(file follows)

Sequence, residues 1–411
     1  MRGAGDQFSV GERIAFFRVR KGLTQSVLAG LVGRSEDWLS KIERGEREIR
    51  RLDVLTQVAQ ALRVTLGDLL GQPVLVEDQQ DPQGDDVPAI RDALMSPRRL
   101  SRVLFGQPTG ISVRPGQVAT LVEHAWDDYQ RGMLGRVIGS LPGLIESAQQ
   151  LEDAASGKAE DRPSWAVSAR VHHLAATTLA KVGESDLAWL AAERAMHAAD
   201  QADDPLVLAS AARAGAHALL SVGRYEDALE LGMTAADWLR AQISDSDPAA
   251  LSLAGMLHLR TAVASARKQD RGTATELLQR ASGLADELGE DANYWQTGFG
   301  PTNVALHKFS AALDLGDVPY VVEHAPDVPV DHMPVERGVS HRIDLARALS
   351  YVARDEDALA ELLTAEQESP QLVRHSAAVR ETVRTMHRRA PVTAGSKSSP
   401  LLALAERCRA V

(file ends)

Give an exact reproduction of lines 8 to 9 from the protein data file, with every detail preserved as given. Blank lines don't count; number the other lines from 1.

   301  PTNVALHKFS AALDLGDVPY VVEHAPDVPV DHMPVERGVS HRIDLARALS
   351  YVARDEDALA ELLTAEQESP QLVRHSAAVR ETVRTMHRRA PVTAGSKSSP